Pinnington adds while law firms typically put up “a screen” to prevent other lawyers from inadvertently creating conflicts of interest in cases where money is a factor, sometimes the line between what is and isn’t a conflict becomes difficult to draw, leading to additional problems.

“Typically a screen is put up to protect firms from conflicts of interest,” he adds. “Major law firms often have several thousand screens up to protect themselves.”

Still, Spirou isn’t the only case where a judge has allowed a similar motion after a conflict of interest has cropped up.

In R. v. Corporation of the City of Cornwall, a motion to remove lawyer John Saunders and Hicks Morley Hamilton Stewart Storie LLP as counsel of record for the City of Cornwall because of a conflict of interest that was also brought last year.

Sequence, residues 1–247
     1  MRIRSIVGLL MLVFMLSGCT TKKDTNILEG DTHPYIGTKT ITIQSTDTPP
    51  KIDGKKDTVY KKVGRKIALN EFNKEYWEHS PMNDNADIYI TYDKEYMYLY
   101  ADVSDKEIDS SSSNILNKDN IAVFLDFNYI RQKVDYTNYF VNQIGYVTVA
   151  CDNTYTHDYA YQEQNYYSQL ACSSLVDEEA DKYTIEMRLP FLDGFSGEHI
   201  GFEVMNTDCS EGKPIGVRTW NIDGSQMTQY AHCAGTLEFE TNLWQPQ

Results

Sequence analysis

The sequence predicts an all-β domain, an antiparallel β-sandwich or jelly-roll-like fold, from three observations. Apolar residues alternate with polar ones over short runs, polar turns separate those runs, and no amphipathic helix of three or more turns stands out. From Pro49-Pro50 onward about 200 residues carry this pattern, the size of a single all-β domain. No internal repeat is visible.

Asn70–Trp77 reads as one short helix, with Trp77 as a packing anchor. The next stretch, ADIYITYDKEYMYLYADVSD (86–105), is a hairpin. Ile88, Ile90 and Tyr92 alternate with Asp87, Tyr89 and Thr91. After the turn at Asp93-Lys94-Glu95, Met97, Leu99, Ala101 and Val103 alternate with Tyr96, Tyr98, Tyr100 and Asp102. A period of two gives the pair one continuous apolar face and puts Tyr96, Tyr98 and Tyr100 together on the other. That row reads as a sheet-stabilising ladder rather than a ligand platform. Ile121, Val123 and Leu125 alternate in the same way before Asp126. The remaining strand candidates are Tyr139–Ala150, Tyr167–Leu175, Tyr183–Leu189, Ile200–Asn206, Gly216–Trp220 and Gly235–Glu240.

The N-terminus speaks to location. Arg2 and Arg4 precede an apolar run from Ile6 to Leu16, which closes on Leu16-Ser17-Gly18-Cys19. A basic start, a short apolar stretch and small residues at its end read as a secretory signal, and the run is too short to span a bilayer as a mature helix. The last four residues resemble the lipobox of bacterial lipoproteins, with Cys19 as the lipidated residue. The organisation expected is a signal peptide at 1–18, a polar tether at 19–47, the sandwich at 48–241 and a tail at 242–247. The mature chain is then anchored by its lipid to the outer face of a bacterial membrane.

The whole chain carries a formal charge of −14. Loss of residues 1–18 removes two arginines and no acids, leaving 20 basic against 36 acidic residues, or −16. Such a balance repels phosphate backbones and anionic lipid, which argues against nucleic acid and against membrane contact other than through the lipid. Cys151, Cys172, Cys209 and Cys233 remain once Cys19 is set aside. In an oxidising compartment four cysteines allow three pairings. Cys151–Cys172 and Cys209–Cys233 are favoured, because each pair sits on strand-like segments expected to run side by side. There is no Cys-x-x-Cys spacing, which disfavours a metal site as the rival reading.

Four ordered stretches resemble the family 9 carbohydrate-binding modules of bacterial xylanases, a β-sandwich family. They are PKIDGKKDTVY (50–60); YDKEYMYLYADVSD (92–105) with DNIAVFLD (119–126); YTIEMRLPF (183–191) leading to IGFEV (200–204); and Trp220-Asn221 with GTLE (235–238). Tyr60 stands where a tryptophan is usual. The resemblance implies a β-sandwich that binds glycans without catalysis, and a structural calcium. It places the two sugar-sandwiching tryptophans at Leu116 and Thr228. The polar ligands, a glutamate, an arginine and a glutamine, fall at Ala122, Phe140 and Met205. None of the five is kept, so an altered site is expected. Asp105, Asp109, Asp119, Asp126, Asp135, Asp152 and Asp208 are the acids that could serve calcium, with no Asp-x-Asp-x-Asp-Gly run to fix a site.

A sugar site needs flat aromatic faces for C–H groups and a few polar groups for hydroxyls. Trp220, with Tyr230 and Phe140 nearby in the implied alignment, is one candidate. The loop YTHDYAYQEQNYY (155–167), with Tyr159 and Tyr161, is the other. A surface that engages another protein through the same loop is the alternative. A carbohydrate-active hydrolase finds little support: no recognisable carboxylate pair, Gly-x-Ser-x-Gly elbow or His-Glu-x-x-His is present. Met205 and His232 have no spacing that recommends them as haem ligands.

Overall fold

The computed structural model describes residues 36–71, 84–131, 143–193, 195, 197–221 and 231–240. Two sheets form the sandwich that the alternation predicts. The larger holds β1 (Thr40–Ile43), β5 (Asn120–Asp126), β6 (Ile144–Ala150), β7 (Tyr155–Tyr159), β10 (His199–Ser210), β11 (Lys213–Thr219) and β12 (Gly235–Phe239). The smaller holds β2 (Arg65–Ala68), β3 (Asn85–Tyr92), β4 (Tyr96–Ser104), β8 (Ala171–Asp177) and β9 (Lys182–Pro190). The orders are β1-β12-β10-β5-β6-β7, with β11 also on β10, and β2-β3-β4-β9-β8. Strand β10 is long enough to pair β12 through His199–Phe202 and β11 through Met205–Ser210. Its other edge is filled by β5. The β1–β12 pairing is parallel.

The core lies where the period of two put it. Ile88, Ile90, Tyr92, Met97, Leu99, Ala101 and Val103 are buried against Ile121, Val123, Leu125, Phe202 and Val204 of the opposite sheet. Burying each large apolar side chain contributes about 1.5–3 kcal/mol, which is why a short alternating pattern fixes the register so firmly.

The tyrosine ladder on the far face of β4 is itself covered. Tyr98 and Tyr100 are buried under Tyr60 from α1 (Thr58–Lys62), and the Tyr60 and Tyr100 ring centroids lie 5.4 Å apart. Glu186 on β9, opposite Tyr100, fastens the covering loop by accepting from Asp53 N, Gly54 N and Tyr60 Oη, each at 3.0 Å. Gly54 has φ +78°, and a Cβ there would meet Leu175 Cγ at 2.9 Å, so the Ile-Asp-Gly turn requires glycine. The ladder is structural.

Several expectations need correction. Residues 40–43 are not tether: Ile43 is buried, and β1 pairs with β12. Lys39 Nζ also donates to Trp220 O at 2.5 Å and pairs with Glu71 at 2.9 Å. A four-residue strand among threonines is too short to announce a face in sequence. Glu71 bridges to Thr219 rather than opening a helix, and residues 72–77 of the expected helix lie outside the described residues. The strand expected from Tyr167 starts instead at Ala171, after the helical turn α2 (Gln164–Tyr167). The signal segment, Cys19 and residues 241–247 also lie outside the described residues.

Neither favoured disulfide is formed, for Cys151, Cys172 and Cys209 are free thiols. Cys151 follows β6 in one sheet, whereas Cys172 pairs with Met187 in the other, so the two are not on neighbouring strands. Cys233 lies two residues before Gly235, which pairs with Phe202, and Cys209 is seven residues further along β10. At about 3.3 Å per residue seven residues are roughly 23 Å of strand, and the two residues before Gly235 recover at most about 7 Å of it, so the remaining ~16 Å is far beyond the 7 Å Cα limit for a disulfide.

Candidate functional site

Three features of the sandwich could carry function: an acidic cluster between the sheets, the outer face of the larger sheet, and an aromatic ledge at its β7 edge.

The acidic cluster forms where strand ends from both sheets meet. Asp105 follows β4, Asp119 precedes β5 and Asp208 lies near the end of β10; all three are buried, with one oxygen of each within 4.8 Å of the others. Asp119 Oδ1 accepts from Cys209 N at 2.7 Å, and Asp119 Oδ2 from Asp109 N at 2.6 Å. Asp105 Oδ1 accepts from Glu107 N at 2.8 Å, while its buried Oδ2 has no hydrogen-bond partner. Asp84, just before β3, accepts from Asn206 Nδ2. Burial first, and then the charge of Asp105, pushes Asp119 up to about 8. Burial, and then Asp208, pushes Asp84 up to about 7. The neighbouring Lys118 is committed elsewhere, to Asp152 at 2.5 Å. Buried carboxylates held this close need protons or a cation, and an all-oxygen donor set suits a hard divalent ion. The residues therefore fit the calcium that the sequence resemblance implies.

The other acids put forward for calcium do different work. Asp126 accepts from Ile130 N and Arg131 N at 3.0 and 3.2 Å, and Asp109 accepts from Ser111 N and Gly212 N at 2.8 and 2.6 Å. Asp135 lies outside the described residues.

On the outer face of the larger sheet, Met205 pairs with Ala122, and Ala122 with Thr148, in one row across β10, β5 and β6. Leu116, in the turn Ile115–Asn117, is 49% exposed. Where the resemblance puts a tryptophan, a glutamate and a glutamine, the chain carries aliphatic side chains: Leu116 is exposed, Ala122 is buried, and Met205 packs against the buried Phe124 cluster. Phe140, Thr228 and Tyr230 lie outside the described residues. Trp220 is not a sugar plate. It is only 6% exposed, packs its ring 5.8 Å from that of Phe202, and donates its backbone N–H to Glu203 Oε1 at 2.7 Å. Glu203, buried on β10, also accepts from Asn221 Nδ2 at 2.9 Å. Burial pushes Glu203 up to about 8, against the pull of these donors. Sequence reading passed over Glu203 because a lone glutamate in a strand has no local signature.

In 2008, the City of Cornwall pleaded guilty to reprimanding a city employee after the employee reported an alleged case of elder abuse to provincial authorities. It was fined $15,000 after pleading guilty to a charge under the Homes for the Aged and Rest Homes Act.

According to an agreed statement of facts in the case, Diane Shay, a city health and safety officer, received a copy of a discipline letter that had been sent by Glen Stor Dun Lodge manager Donna Derouchie to an employee who had allegedly been involved in a case of elder abuse at the lodge.